Ferret adoption is increasingly common. It is much cheaper to adopt a ferret than to buy one. It is also less risky as most ferret adoption organizations are excellent resources for information. So if you think you’re ready to bring home a fuzzy, here’s what to do.
- Read everything you can. If you don’t already have a ferret (or have had one inthe past), you will be surprised at how much there is to know about them. Even if you think you know all about them, read some more. There are many books and websites that offer a lot of information. Really consider what you read and how to put the information into practice in your real life. A ferret is a commitment; make sure you can handle it.
- Budget your money. Any new member of the family costs money. Can you afford to take in a ferret? An adopted ferret will cost about $75. On average a cage costs about $200, depending of course on the size, the materials and whether it is new or used.
One cost that really is not optional for ferrets is spaying/neutering. Spaying costs between $75 and $300, depending on the veterinary practice and whether the ferret is also descented. Neutering costs between $50 and $250, again depending on the practice and whether the ferret is also descented.
Those are the one-time expenses.
Now you will need to consider the repeat expenses: Most experts estimate food for one ferret will cost about $200 per year or about $16.66 per month. Naturally, if you have two or more ferrets, you will need to multiply that figure accordingly. You will also need to have regular vaccinations, which could cost up to $100 per year. Your community may also require a permit, the fees for which vary.
Add up all those costs and compare it to your income and other expenses. Can you afford a fuzzy?
- Designate a space in your home for a ferret. It will need a cage that is at least 2 ft. by 3 ft., so you will need a space to contain it. In addition, you will need a designated space for your ferret to run around freely as it was not meant to live solely in a cage. Many people designate a spare bedroom for their fuzzies.
- Ferret proof your home. Just as an unsupervised human baby can get into anything, so can a ferret. Ferrets love to squeeze into any nooks and crannies they can find, as well as squeeze through pipes, under doors, etc. Block up those openings.
Ferret-proofing also includes putting away knickknacks and other items that could be damaged. This includes clothes, food, books, wires, silverware, keys, etc. If you want to keep it in its current condition, get it out of your ferret’s way. A good way to be sure you’re prepared is to crawl through the area on all fours. If you can reach it, so can your ferret.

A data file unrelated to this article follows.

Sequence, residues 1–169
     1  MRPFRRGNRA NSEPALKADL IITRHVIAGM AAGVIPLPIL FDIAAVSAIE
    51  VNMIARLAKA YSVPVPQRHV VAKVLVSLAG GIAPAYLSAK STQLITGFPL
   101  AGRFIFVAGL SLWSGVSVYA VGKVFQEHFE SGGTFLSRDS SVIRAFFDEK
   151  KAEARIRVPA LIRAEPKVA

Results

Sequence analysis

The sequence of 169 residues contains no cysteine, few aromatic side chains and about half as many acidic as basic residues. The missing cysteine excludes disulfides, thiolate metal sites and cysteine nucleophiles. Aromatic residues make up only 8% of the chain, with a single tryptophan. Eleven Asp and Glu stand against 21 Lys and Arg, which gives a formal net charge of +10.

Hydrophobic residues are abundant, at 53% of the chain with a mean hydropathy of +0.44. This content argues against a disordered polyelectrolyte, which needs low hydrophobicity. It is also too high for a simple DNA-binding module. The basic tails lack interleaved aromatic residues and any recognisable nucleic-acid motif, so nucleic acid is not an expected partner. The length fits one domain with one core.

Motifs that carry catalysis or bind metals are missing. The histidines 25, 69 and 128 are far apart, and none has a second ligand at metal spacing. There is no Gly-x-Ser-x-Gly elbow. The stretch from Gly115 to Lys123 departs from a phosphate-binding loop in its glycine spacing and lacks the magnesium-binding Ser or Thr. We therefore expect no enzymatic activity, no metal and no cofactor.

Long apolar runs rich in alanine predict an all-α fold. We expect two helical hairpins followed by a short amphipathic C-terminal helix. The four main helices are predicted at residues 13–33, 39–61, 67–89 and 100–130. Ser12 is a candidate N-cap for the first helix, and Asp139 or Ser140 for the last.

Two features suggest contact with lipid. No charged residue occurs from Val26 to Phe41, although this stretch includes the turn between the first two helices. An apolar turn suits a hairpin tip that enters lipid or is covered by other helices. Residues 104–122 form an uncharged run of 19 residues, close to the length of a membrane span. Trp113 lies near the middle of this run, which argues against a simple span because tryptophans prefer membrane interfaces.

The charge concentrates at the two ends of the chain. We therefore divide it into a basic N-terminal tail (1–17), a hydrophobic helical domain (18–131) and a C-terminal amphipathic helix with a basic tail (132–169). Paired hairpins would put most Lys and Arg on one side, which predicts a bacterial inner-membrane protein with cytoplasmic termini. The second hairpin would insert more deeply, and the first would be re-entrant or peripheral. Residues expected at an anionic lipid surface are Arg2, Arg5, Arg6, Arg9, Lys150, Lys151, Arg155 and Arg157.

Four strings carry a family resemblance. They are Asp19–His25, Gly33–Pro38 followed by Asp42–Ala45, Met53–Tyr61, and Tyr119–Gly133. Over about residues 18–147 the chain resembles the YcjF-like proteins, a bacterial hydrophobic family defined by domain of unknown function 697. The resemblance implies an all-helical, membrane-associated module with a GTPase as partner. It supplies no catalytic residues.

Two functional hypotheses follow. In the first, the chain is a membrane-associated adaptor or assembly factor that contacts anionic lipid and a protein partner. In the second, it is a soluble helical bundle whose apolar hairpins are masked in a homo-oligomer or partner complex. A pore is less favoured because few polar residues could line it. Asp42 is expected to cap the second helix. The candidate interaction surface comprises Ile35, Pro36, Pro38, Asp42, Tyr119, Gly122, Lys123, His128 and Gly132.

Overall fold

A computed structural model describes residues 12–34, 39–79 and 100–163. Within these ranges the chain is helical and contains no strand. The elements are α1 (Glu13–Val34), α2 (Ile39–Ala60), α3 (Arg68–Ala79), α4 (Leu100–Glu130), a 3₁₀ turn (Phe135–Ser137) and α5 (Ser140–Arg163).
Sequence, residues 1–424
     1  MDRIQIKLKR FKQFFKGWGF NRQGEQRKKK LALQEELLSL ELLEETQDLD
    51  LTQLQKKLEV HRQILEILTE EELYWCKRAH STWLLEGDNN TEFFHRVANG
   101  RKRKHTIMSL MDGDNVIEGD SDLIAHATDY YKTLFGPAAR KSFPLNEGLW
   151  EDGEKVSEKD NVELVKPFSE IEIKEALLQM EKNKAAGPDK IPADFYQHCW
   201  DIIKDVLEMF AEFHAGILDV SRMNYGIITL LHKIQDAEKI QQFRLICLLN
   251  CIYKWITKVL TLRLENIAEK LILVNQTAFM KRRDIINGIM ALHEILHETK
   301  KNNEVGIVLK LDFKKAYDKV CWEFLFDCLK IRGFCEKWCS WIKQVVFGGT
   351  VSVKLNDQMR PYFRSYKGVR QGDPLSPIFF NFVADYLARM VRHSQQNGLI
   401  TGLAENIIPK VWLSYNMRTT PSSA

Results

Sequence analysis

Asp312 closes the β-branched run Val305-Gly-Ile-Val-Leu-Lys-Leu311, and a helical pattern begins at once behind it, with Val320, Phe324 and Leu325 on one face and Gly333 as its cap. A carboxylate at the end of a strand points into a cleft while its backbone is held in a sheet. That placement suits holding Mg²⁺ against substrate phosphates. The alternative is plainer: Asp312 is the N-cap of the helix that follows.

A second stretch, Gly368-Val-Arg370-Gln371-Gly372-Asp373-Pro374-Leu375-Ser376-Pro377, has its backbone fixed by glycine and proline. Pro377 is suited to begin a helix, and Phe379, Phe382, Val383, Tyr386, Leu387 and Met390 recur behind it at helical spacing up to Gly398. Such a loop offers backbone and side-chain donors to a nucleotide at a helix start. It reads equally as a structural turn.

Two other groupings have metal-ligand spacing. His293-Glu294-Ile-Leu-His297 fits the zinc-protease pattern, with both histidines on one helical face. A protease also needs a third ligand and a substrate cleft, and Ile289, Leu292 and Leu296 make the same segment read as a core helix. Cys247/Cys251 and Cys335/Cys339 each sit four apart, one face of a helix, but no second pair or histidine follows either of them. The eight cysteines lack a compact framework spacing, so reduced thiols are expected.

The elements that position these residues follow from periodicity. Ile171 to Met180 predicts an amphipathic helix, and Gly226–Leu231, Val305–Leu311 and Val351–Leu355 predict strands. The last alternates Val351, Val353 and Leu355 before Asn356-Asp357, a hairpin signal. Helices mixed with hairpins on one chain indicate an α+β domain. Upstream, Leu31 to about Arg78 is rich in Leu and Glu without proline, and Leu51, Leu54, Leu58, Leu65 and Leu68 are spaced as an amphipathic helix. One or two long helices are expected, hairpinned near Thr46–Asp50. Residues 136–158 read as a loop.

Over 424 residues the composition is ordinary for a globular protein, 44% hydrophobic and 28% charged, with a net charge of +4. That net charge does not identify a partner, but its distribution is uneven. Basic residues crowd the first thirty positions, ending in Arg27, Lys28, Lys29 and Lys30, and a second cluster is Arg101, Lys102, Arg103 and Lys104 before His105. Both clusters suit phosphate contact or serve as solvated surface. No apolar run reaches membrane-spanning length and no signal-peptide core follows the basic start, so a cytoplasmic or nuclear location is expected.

- Buy your supplies. If you’ve definitely decide to adopt a ferret, it’s time to get a cage and some ferret food. You can generally find these at most pet shops or online. You will also need bedding material (old T-shirts, towels and blankets work well); untippable bowls for food and water and little ferret-friendly toys (like golf balls, tubing etc.). Many people already have something they can use for these items.
- Find a ferret adoption organization. Your favorite search engine will likely steer you to at least one such agency near you. Your local pet store may also have a bulletin board with notices for ferrets needing adoption. It is generally better to adopt through an agency or rescue organization: They can vouch for the ferret’s history and provide information concerning its care. A private adoption is risky because you have no way to verify what the seller tells you.
- Complete the adoption process. A reputable ferret adoption organization will require you to complete an application. The application is designed for you to show that you would be a good ferret owner. It is also intended to emphasize the responsibility involved in ferret care. The agency may require an interview and for your home to be inspected. Some agencies will even visit your home after the adoption has taken place to ensure the relationship is progressing well.
- Choose your ferret. Once you are approved, the agency will let you choose your new pet. A good agency will try to match you with the best pet for your needs and experience (i.e., a calmer, older ferret for a first-time owner, a social animal for an owner who already owns one).
- Bring home baby. The ferret you choose should already have been vaccinated and examined by a vet. So after signing the paperwork, you will be ready to bring home a new member of the family.